The cigarettes in the royal blue package aren't Pall Mall Lights anymore. Now they're called Pall Mall Blues. Salem Lights, once sheathed in a kelly green box, are now cloaked in pastels and white, and known as Salem Gold Box.
With the new branding, and use of hues shown to evoke feelings of smoothness and health, a leading tobacco company has revealed a subtle sales strategy for an era of unprecedented federal oversight: Let the colors speak to smokers in the same way the soon-to-be-banned words "mild," "light" and "ultra-light" did.
Harvard researchers and other tobacco-control specialists see in the new monikers and lighter, brighter palettes evidence that cigarette producers are intent on subverting a new law that empowers the Food and Drug Administration to regulate tobacco companies - including a provision that as of next June 22 will banish words that promote certain cigarettes as safer.
Tobacco-control specialists have long harbored particular contempt for "mild" and "light" cigarettes, arguing they manipulate smokers into thinking those brands are less harmful when there's no scientific evidence to support that claim.
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R.J. Reynolds Tobacco Company, maker of the Pall Mall and Salem brands, denies attempting to bypass the law and says it is merely seeking to guide customers to their favorite brands.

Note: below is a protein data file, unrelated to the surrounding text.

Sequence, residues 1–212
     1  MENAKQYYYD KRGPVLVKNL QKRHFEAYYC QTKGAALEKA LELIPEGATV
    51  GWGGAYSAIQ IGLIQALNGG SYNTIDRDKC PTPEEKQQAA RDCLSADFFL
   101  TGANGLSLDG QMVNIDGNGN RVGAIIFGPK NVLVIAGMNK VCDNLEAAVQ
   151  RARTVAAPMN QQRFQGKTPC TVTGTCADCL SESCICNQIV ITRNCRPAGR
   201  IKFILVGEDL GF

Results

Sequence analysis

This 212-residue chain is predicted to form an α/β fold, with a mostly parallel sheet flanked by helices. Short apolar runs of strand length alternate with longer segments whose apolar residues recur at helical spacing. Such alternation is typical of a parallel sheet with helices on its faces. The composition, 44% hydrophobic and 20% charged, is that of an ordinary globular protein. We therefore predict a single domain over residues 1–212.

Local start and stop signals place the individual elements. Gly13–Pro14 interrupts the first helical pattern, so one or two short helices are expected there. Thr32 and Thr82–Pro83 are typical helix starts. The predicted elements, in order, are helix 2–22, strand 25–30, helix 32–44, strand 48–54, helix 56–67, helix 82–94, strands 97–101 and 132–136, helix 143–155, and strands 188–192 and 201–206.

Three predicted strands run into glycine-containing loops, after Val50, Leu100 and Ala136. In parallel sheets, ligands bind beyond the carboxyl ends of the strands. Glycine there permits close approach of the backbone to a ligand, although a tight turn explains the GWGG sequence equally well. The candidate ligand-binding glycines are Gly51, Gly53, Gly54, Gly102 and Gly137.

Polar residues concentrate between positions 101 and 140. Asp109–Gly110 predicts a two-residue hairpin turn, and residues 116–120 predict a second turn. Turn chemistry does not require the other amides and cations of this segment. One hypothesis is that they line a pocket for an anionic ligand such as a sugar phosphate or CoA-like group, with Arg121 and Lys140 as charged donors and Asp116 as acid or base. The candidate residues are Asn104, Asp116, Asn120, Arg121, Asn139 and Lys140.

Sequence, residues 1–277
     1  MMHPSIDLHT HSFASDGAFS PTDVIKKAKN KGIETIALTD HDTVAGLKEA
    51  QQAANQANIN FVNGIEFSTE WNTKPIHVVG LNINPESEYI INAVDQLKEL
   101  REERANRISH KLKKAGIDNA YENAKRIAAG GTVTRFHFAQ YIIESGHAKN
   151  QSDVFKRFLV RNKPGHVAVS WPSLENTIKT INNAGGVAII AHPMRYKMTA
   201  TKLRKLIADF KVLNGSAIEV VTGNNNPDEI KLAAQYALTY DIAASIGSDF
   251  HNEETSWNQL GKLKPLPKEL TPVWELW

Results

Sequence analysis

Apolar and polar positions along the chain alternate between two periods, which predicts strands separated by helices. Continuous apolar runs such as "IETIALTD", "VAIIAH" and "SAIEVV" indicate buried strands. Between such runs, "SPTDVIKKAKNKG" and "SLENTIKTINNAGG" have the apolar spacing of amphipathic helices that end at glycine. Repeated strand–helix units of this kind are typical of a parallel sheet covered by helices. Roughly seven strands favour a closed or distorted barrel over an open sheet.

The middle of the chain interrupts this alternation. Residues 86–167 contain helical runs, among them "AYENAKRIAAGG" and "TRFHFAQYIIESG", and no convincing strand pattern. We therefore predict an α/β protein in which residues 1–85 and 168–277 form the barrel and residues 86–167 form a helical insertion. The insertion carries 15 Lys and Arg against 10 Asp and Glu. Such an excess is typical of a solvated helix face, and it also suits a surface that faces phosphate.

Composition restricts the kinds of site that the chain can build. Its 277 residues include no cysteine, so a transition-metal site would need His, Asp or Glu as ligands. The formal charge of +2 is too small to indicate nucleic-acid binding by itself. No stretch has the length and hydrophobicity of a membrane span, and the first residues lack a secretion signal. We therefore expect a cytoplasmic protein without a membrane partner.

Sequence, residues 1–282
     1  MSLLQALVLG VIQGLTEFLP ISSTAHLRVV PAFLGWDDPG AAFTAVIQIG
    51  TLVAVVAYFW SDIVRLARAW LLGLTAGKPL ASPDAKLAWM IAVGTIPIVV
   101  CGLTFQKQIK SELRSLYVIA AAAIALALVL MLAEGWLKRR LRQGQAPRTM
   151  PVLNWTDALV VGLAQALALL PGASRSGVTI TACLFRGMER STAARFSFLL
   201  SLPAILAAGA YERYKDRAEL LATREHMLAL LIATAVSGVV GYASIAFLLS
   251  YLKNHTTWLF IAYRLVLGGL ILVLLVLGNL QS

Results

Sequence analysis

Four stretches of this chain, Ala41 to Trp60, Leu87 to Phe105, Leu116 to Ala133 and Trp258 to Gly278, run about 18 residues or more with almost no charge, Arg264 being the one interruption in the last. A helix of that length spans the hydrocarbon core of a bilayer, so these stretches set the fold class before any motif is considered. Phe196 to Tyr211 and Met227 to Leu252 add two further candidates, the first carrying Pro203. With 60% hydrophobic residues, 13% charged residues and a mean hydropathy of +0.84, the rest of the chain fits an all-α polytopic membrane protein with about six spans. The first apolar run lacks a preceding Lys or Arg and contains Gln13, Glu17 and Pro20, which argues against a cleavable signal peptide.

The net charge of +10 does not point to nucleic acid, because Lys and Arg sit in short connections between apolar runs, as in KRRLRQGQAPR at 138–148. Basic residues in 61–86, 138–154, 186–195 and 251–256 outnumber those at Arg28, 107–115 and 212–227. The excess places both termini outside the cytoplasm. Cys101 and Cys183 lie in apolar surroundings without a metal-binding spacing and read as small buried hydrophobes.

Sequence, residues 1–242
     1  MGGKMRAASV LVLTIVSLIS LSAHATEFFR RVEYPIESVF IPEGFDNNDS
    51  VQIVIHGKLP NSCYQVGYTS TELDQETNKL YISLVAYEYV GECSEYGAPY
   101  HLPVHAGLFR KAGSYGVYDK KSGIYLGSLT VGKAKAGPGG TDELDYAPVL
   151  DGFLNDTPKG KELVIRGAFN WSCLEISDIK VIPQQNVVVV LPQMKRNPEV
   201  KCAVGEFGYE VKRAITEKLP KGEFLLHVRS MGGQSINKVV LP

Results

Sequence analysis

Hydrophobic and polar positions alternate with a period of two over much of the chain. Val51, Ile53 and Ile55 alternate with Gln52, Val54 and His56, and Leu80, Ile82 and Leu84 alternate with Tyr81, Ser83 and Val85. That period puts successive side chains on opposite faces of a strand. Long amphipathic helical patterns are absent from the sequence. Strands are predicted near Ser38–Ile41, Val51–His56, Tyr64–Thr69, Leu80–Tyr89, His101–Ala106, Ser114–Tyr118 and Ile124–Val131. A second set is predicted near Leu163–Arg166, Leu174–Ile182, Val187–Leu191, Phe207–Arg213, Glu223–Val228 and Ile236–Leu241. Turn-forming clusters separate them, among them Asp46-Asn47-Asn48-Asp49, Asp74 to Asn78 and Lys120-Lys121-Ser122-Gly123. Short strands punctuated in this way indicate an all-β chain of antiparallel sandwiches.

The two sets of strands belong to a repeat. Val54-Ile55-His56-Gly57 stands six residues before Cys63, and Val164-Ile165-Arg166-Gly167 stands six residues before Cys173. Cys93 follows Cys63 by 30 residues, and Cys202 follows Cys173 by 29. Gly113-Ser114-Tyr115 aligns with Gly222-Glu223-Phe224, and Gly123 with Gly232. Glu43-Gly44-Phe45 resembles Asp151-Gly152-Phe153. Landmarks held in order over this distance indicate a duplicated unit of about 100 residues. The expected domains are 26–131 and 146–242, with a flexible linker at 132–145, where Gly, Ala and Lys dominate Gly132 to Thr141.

But researchers said they recognize the packaging changes as a tactic the industry has rolled out in other countries with stringent tobacco rules.
Studies conducted in Canada and the United Kingdom, which both have a longer history of restricting tobacco industry marketing, found that smokers believe products labeled as "silver," "gold" or "smooth" are safer and easier to stop using than high-octane cigarettes.
"These tricks are now well-established," said Stanton Glantz, a tobacco-control specialist at the University of California, San Francisco. "The real question for the FDA is, are they going to let them get away with these shenanigans?"
FDA spokeswoman Kathleen Quinn said her agency was aware of changes being made to cigarette packaging and intends, before the labeling ban goes into effect, to "thoroughly review the use of descriptors, including the use of color."
Reynolds, the nation's second-biggest cigarette company, makes no secret of its reason for altering the packaging. Company spokesman David Howard cited both the impending federal regulation and a federal court ruling (currently on hold) that would also expunge the mild and light names.
"By using designations such as colors," Howard said, "that makes it possible for retailers and adult tobacco consumers to clearly identify the different styles moving forward."